Driving Down Health Care Costs 1995: Strategies and Solutions

By Morehart, Thomas B. | Journal of Risk and Insurance, March 1998 | Go to article overview
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Driving Down Health Care Costs 1995: Strategies and Solutions


Morehart, Thomas B., Journal of Risk and Insurance


Driving Down Health Care Costs 1995: Strategies and Solutions (Panel Publishers: A Division of Aspen Publishers, Inc, 1995).

Driving Down Health Care Costs 1995: Strategies and Solutions is one in a series of "how-to" books published by Panel Publishers designed to assist business professionals, owners of small to medium-sized businesses, and their legal and financial advisers. This book and the others in the series are designed to be updated on a periodic basis with supplements reflecting important changes in the subject matter. Fifty-seven authors contributed the 45 articles contained in this text. Twenty of the articles are reprinted from a variety of publications, including Compensation and Benefits Management, Employee Benefits Journal, and Benefits Quarterly. The other 25 articles appear to be original works authored specifically for this book. The book's 474 pages are divided into 13 sections, each of which covers an important topic dealing with health care costs and related strategies and solutions.

Part One addresses three important issues related to reform. The first article presents a comparison of issues raised by the 1993 Clinton Health Security Act and contains two appendices with specific comparisons of the Clinton proposal with several other proposals from 1993. The other two articles present an overview of state health reform activity and a picture of the dramatic recent evolution in the entire health care delivery system. Part Two presents eight articles related to managed care. Two articles on HMOs deal with trends in HMO development and Digital Equipment Corporation's approach to managing HMOs. The other articles focus on some important managed care topics, including employer liability and the legal risks associated with managed care plans, the success of the Federal Employees Health Benefits Program, case management, utilization management, and pay-related plans.

Part Three focuses on the emerging roles of employers in dealing with rising health care costs. The first article examines how GTE managed to avoid severe cutbacks in its benefits plan by making strategic changes to its plans, including changes in the management of payments and an evaluation process to measure costs and quality. A unique step was the formation of a partnership between GTE and PHP Healthcare Corporation of Alexandria, Virginia, to establish and manage two GTE Family Health Centers in the Tampa, Florida, area. The next article deals with how employers in Owatonna, Minnesota, a rural community of about 22,000 people, dealt with many of the problems facing them from rising health care costs. Another article describes how self-management of health care by Parker Hannifin, a Fortune 200 company with 20,000 employees, has led to lowering the rate of increase in employee health benefit costs. The last article in this section discusses how coalitions of human resources executives in approximately 100 cities have used their combined purchasing power to try to improve the quality of health care and its cost-effectiveness.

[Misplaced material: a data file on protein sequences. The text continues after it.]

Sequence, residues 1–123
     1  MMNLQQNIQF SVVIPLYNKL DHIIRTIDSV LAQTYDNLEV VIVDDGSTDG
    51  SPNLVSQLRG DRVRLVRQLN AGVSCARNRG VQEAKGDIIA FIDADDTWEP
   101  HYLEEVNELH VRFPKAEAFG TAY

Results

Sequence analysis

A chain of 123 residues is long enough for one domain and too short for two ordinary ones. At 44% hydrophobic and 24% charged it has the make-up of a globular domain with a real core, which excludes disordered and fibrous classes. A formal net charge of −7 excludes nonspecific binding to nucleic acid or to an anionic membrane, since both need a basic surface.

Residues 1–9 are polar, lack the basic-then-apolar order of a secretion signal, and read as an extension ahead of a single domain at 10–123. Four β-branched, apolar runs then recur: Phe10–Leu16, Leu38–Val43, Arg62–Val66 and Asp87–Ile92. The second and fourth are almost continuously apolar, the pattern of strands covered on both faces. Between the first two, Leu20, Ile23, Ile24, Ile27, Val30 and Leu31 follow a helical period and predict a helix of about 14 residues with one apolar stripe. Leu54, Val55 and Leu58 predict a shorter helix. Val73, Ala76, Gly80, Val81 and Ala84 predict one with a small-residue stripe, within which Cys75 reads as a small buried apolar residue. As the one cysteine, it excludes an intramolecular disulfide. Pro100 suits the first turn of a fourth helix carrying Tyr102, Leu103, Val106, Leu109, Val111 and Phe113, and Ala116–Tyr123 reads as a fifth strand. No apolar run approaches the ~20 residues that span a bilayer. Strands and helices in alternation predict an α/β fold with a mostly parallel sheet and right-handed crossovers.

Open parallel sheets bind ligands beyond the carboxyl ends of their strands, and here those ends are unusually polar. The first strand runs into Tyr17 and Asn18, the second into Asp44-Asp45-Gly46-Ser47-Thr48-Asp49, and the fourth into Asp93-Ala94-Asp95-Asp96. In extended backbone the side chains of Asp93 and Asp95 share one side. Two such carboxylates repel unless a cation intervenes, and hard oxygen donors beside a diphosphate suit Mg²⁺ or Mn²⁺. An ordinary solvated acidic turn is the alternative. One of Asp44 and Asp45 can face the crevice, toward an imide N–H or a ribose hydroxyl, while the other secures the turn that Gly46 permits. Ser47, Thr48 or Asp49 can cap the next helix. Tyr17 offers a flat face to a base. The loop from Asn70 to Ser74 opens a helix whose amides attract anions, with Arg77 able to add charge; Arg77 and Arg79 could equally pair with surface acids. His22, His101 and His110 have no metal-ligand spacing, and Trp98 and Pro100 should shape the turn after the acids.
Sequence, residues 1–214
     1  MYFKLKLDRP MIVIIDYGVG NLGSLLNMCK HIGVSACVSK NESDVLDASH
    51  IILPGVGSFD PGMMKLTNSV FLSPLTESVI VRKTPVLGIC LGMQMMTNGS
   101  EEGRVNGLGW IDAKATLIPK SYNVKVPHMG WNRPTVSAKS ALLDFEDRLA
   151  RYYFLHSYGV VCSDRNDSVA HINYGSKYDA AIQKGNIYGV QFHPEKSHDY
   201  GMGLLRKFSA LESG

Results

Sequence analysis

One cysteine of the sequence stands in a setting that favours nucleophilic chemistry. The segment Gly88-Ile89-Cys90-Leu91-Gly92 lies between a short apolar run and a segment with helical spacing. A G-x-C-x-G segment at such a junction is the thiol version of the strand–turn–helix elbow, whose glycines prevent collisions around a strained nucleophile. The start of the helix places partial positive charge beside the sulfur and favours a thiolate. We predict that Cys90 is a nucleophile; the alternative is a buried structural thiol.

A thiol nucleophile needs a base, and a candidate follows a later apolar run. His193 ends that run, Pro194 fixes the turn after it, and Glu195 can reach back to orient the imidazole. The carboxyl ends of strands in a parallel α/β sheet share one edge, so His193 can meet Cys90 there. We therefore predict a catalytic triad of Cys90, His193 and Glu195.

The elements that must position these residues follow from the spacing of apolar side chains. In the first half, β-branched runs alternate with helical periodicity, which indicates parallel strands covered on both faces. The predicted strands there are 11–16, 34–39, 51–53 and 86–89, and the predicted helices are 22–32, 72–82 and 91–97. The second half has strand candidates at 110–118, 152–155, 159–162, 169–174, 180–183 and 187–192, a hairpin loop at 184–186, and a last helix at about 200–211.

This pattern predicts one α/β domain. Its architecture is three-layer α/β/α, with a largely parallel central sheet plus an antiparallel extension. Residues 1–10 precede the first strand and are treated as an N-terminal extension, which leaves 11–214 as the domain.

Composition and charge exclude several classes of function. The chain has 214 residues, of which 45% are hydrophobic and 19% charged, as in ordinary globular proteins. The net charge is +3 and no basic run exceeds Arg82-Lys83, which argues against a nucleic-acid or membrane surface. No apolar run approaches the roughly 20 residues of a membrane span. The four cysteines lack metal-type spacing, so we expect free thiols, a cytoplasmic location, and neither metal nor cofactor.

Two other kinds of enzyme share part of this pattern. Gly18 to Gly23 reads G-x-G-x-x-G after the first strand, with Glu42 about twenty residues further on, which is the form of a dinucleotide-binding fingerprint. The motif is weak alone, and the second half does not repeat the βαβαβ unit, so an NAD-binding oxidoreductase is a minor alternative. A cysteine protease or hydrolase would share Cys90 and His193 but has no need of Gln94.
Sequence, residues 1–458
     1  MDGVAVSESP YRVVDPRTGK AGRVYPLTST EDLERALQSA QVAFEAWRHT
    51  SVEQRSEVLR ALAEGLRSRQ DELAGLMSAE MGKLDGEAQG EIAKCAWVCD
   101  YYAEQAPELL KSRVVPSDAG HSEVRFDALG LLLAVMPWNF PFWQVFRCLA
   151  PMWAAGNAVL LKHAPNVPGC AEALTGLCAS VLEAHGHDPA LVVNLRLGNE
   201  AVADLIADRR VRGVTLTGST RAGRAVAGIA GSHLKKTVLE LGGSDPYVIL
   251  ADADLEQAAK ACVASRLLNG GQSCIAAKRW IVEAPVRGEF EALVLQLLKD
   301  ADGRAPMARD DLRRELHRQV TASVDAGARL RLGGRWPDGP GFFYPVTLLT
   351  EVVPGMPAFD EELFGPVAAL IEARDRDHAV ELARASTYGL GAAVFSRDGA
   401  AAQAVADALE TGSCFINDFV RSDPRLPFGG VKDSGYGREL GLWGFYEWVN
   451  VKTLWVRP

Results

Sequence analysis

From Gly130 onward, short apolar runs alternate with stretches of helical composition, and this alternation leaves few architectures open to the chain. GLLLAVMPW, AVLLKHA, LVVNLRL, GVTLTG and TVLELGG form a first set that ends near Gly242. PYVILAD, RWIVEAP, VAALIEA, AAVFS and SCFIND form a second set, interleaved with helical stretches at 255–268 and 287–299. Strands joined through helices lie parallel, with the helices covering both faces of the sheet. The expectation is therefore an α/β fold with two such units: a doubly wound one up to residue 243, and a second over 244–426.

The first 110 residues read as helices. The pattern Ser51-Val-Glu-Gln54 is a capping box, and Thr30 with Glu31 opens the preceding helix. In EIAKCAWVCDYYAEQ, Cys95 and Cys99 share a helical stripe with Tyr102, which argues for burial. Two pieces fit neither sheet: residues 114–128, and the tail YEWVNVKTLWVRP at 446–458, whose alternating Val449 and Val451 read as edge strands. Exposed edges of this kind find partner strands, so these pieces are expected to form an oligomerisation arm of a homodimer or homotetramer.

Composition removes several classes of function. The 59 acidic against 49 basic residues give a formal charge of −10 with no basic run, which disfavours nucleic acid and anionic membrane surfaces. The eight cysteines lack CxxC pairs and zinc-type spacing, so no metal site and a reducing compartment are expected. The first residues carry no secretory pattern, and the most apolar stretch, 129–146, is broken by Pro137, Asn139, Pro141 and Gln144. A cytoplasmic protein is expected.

Part Four describes the flexible benefits plans of Quaker Oats and Southwest Airlines. Part Five discusses some important aspects of self-insurance, including the use of self-insurance and stop-loss coverage by smaller companies, the law related to retrospective insurance premiums, and issues related to third-party administrators regarding flexible benefits and self-insurance. Part Six focuses on the elements of effective plan design. The articles in this section describe ways to reduce medical costs using employee claims data, use drug formularies to control drug budget costs, save through inventory simplification and volume purchasing, and use the resource-based relative value scale (RBRVS) to help control physician costs. Also discussed are how dental plans have remained strong despite changes and cutbacks in medical benefit plans and the cost-effective steps that have been taken by some employers related to AIDS and HIV.

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